Lessons I’ve learned from over 4 years of travel

It’s been over four years since I set out into the great big wide world and three years since I’ve stayed in one place for more than three months. Crazy, right? Well, in that time I’ve picked up a few bits of wisdom along the way. Some of it you may find useful, others you might find funny, yet others you might roll your eyes and think “I thought everyone knew that.” For what it’s worth, here they are:

  1. Be nice.
  2. Be humble. That is, there is more to everything than just me.
  3. When in doubt, do it.
  4. When doubting your doubt, re-think what you’re going to do.
  5. In any job, follow the three golden rules: Don’t make work for the boss; don’t run unless there’s fire; when in doubt, stop and think.
  6. When you say “I’ll do it later,” you probably won’t. Do it now. Yes, that means lock up your stuff, take another picture, call home, whatever the case may be. There is no time like the present.
  7. Don’t make jokes at customs or immigration. You don’t want the extra attention in developed countries and in developing countries they won’t understand so you’ll just sound like you’re babbling.
  8. Always have an emergency bundle of cash secured somewhere in or on your belongings for those times that your ATM/credit card gets eaten or stolen or you simply get robbed.
  9. No, you don’t have to blog about your travels, but it might make a good souvenir when you’re older. It also helps communication skills.
  10. Listen to that little voice inside your head that says “what if…?” and then go do it. (I wish I could take credit for this one but it’s a famous quote by somebody, I just don’t remember who.) … Unless it’s “what if I try to fly without the proper materials?” Then just make sure you’re close to the ground.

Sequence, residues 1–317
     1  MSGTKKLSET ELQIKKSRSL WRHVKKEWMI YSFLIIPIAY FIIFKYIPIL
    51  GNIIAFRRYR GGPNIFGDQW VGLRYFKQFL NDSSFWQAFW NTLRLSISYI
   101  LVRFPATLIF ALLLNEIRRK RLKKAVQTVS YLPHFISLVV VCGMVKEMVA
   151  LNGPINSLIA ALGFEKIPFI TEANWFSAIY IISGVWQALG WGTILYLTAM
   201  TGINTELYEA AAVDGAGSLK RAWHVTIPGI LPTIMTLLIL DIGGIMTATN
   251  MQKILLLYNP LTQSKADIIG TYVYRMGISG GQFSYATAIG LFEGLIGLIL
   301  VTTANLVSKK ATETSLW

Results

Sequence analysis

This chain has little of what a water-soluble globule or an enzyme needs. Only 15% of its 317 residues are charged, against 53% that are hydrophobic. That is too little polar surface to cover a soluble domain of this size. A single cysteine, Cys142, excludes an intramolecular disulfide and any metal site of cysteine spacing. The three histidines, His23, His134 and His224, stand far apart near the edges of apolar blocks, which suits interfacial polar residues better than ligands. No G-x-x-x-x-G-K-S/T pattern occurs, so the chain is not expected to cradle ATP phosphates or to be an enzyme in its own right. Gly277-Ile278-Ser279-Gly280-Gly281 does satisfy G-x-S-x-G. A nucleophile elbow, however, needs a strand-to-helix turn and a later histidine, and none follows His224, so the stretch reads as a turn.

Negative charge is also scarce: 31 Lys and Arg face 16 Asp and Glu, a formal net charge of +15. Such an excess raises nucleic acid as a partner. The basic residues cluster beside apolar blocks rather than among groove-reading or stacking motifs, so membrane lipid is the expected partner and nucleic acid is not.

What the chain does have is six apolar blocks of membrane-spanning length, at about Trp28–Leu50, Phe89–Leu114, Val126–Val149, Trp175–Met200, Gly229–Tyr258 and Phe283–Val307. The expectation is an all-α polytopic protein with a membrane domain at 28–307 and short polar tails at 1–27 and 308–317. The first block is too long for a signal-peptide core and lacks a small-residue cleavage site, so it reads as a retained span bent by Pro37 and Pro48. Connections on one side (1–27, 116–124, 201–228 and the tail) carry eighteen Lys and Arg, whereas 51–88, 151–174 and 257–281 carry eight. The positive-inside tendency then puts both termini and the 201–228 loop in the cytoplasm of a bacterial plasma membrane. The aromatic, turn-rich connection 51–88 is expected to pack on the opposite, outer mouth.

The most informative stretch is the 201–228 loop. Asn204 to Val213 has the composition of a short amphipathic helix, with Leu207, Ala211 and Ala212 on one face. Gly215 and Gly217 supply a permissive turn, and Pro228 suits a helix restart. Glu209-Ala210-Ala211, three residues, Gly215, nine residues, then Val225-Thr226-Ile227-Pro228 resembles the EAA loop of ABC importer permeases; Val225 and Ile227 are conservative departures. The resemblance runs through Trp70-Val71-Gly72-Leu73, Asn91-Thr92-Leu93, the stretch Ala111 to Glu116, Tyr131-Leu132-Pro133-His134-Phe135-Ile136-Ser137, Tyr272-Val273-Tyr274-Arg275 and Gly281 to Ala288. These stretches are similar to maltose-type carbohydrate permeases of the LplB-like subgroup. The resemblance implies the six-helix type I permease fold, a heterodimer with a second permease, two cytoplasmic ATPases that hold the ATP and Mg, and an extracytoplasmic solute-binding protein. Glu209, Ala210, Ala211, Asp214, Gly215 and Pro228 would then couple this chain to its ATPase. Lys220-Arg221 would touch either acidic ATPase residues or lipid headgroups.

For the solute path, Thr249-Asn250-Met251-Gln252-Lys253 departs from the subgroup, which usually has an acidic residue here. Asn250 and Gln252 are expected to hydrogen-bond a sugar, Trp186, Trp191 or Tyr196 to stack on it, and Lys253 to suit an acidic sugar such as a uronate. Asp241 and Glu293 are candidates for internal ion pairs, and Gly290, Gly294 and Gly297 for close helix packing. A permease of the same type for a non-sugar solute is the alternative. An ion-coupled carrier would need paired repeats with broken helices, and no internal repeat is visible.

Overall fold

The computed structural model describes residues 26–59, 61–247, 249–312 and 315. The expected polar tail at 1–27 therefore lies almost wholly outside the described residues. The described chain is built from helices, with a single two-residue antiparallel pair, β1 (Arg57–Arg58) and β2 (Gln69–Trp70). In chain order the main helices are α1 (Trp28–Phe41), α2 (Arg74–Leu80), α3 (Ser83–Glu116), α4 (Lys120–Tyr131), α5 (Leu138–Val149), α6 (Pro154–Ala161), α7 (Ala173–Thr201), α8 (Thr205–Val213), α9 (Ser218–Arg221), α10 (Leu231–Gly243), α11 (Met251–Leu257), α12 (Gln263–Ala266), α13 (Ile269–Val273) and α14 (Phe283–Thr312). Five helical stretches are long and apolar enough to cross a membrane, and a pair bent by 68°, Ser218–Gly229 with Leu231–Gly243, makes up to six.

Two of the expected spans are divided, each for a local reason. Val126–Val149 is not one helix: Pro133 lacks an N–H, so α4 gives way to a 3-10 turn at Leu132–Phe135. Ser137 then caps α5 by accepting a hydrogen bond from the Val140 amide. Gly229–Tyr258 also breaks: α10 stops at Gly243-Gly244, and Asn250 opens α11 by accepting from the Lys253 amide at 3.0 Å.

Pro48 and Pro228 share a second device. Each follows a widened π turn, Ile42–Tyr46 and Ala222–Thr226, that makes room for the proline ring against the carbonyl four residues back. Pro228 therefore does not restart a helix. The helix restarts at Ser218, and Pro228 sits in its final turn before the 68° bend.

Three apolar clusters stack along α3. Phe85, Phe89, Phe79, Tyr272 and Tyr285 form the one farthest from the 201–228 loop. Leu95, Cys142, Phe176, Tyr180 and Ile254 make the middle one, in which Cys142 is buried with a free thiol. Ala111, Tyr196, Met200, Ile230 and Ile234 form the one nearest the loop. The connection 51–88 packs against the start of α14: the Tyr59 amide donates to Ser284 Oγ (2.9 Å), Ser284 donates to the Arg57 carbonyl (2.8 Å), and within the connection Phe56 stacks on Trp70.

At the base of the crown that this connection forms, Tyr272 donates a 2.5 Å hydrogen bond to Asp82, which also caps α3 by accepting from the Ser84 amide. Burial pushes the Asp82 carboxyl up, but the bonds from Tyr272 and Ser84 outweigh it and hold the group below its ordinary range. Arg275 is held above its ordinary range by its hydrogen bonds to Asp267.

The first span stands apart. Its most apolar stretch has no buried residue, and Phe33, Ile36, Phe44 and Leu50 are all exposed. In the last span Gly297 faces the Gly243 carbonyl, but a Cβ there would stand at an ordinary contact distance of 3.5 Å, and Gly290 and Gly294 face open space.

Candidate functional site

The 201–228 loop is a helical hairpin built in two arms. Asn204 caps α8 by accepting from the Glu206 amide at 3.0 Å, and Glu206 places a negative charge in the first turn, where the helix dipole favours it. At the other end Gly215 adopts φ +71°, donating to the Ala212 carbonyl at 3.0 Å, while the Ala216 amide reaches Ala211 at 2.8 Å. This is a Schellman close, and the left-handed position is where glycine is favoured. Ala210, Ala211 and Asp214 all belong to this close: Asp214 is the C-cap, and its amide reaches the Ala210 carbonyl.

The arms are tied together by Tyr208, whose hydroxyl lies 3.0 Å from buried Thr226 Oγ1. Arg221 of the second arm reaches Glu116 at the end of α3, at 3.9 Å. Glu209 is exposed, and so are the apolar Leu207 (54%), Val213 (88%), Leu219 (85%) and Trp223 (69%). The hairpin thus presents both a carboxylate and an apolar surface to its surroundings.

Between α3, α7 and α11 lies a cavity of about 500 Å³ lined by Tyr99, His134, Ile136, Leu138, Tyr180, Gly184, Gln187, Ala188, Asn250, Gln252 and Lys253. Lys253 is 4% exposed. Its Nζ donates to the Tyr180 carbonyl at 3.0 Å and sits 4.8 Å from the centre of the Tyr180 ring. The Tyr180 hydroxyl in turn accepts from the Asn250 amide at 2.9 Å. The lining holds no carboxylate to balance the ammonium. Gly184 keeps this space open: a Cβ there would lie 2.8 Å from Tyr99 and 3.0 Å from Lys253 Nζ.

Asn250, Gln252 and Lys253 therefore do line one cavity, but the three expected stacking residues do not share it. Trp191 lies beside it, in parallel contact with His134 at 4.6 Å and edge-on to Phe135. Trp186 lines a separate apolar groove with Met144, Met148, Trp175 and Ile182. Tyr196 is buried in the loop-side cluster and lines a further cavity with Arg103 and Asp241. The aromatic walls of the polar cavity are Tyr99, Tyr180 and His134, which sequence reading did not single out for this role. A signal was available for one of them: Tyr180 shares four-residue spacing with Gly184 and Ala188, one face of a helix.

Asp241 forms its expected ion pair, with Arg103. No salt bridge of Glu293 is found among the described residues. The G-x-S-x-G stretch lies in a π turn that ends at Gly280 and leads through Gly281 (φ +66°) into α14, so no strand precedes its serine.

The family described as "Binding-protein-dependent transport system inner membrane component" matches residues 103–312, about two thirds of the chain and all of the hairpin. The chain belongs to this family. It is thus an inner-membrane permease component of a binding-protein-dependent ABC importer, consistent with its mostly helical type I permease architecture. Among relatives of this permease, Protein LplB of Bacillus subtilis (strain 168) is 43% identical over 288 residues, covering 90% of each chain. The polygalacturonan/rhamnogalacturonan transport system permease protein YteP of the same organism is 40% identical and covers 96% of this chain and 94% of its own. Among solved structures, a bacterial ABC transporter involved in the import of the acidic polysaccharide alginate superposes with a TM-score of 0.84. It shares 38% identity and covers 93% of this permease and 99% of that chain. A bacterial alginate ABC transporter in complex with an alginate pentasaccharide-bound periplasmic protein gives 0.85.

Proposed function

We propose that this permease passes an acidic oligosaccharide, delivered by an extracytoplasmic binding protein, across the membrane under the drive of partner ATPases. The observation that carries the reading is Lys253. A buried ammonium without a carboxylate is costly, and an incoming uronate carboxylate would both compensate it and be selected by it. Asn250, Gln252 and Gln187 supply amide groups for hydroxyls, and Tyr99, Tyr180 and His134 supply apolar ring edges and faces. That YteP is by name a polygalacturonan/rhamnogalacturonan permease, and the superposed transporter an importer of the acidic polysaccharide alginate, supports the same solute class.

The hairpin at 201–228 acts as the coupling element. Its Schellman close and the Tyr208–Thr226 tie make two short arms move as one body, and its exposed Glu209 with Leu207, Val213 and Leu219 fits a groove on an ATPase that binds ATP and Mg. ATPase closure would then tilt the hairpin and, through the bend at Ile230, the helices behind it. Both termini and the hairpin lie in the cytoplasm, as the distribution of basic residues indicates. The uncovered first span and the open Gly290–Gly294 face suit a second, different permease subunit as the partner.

11. At home you’re an alcoholic, abroad you’re taking part in cultural immersion.
  12. Drink responsibly.
  13. When travelling, call home from time to time. As I’ve gotten older the realization that my parents won’t always be there is a scary thought.
  14. Coffee and chocolate can solve a lot of problems.
  15. Expensive coffee, such as civet or elephant poo coffee, aren’t really worth the price.
  16. It’s cool to walk where The Greats have trodden, especially in Greece, Italy and where my family came from on the Polish-Ukrainian border.
  17. History is better learned through travel, language learning, and relationships.
  18. Languages are fun to learn but, unless they are relevant to your work or daily life, don’t stress about them too much. It’s better to learn a few words that will enable you get around (ordering food, finding shelter, flirting), and maybe enamour your hosts.
  19. Third party insurance is good to have, even if you never use it.
  20. Good-byes are useless, it’s always see ya later… even though it might be for a while.
  21. I like stuff because, in my mind, I’m collecting my own museum and gallery. Clothes, CDs, paintings, journals, etc. all stand as testaments to where I’ve been and what I’ve done.
  22. I have not been able to get music out of my mind. It’s something that follows me throughout my travels.
  23. Movie region encoding is the dumbest invention in the world and prohibits the disemination of creative ideas. Thank goodness for digital copies. (Watch my movies here.)
  24. Travelling through Asia gave me the feeling of being a rock star, something I’ve never been before, and thus satisfying a boyhood dream of being a celebrity.
  25. Globalization can’t be all that bad if the internet is available in a lot of places. That means you can live, work and communicate with others in just about every part of the world.
  26. If I stay in a hostel cafe all morning, I feel like an in-patient at a mental hospital.
  27. I have been very fortunate so far.
  28. Good and bad are subjective to both the person and society.
  29. All major religions and spiritual belief systems have two major themes: there is something more to our existence and, above all, be nice.
  30. Eating natural foods is a good and healthy idea.
  31. … But grease, fat and sugar are awesomely delicious and don’t have to be unhealthy.
  32. Time and health are probably the most important personal things to care of.
  33. I think I’m one of few travel writers who actually doesn’t care much about food so long as it it sustains me and doesn’t make me very sick.
  34. A long-term stay in a hostel is much like living in an office – you meet all sorts of people, have the same water cooler conversation, and come and go in a similar fashion to office hours.
  35. You don’t need much to travel. Most important are cash and a passport.